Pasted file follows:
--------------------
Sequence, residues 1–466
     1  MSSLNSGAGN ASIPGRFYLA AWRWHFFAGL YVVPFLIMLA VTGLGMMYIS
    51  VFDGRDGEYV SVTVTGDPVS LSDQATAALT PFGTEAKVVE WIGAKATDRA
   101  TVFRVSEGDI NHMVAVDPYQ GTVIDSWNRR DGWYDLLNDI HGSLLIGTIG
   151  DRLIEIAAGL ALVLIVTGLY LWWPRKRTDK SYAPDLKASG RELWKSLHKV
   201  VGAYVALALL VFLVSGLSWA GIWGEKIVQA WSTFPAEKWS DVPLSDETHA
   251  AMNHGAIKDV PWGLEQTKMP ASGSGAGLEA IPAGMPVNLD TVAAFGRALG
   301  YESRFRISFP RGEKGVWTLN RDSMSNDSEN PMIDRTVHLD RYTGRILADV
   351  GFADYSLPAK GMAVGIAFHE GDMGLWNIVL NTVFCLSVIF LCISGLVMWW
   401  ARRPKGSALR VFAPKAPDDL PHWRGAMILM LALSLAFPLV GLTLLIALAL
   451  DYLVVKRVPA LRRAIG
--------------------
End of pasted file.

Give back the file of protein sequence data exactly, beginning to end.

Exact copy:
Sequence, residues 1–466
     1  MSSLNSGAGN ASIPGRFYLA AWRWHFFAGL YVVPFLIMLA VTGLGMMYIS
    51  VFDGRDGEYV SVTVTGDPVS LSDQATAALT PFGTEAKVVE WIGAKATDRA
   101  TVFRVSEGDI NHMVAVDPYQ GTVIDSWNRR DGWYDLLNDI HGSLLIGTIG
   151  DRLIEIAAGL ALVLIVTGLY LWWPRKRTDK SYAPDLKASG RELWKSLHKV
   201  VGAYVALALL VFLVSGLSWA GIWGEKIVQA WSTFPAEKWS DVPLSDETHA
   251  AMNHGAIKDV PWGLEQTKMP ASGSGAGLEA IPAGMPVNLD TVAAFGRALG
   301  YESRFRISFP RGEKGVWTLN RDSMSNDSEN PMIDRTVHLD RYTGRILADV
   351  GFADYSLPAK GMAVGIAFHE GDMGLWNIVL NTVFCLSVIF LCISGLVMWW
   401  ARRPKGSALR VFAPKAPDDL PHWRGAMILM LALSLAFPLV GLTLLIALAL
   451  DYLVVKRVPA LRRAIG